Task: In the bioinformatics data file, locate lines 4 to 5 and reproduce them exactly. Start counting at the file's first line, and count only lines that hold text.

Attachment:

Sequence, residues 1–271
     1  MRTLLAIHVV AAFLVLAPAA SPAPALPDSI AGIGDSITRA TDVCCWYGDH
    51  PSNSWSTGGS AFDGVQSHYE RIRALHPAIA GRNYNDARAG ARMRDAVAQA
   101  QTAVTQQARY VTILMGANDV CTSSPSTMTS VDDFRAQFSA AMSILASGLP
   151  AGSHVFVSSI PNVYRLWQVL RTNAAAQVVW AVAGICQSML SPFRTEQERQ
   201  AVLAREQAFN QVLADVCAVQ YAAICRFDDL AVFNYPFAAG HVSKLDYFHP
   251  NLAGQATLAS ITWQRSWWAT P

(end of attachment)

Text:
   101  QTAVTQQARY VTILMGANDV CTSSPSTMTS VDDFRAQFSA AMSILASGLP
   151  AGSHVFVSSI PNVYRLWQVL RTNAAAQVVW AVAGICQSML SPFRTEQERQ